You’ll need the number of you college or university in order to apply – you’ll find in the link in the previous paragraph.
You have to pay your way and be healthy
This rule hasn’t changed: you have to show you (or your parents) have enough money to cover tuition fees, living expenses while you’re here, and travel expenses to get back to your country of origin.
If you’re from certain countries (or you’ve lived or traveled in certain countries) for 6 months or more, you might need a medical as well. Click here for the list of countries where a medical might be needed.
You can now work off campus
This is a big change. You can work off campus without a work permit for 20 hours per week during classes, and full-time when school breaks. If you’re studying English (or French) as a second language, then you won’t be able to work off campus. You would need a work permit in order to work in Canada.
You can work in a co-op / internship program
Co-op or internship programs are fine, so long as they are an essential part of your training program. However, you do need a co-op work permit (apart from your study permit) to participate.
Studying English (or French) as a second language won’t let you work in a co-op or internship.
You might be able to apply for a study permit from within Canada
Certain individuals can apply for a work permit from within Canada, including:
- Minor children studying at an elementary, middle or high school
- Exchange students and some visiting students
- Students who completed a short course that is a condition for acceptance at a designated learning institution
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If you are planning to work in Canada as a temporary foreign worker, you typically need an employer who is willing to hire you. That employer must also be willing to apply to the government to show that it is difficult (or impossible) to find a Canadian who is able to do the job you wish to do.
In the past the employer would apply for a “labour market opinion” (LMO) to confirm that it would be difficult to find a Canadian. An LMO would be issued and you would use that LMO to apply for your work permit.
However, the labour market opinion is now known as a labour market impact assessment (LMIA). A positive LMIA (or a confirmation letter) will confirm that a foreign worker is required because there is no Canadian available to do the job.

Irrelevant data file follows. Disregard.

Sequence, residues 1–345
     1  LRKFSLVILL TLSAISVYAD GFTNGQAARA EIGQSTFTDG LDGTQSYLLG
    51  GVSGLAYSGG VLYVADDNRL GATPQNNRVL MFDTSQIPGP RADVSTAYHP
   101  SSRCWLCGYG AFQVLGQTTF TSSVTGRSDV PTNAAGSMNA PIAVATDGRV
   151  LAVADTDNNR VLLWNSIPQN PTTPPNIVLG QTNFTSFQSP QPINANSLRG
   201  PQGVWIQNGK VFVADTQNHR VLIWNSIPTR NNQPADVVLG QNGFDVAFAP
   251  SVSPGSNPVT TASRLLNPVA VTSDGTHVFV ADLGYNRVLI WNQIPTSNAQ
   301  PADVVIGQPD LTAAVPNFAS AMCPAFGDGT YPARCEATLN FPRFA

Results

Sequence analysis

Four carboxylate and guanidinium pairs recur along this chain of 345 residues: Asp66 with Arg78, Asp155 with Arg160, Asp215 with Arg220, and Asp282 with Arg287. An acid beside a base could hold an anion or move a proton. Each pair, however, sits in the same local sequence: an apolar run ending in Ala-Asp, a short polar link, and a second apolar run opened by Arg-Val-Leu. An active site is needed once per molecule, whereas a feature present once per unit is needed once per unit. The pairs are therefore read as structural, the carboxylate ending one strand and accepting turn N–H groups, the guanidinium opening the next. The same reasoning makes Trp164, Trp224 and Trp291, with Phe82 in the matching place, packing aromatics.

However, not all Canadian employers are required to obtain a positive LMIA. In many cases, an work permit can be obtained without an LMIA. Click here and scroll down to “Obtaining a Work Permit Not Requiring ESDC Confirmation” for a list of work permits that be obtained without an LMIA.
For those of you who have been issued a supervisa, you quickly realized that the promise of a 10 year entry visa was in fact a one or two year entry visa, that must be renewed.
Why is this the case?
CIC wants to ensure that after one or two years, the conditions under which the supervisa were issued have not changed. For example, do your parents still have adequate medical coverage? Are they still residing with you? Can you meet their food and lodging needs?
If your parents are currently residing in Canada with you, then the renewal application is sent to CPC Vegreville. Currently, the address is:
Visitor and Temporary Resident Permit
6212-55th Avenue – Unit 303
However, please check the address on the CIC website before you send anything – CIC often changes addresses without much notice.
What should be included in a renewal application?
In essence, your renewal application (which is an Application to Change Conditions or Extend Your Stay in Canada as a Visitor) should contain all the information you provided in your initial supervisa application, with updated information. So new medical coverage insurance should be included, along with tax information, job letter, and so forth.
Don’t take this application lightly – if you don’t do it right, the supervisa won’t be renewed and your parents will have to return to their home country.
I’ve included a copy of a renewed supervisa here if you want to see what it looks like.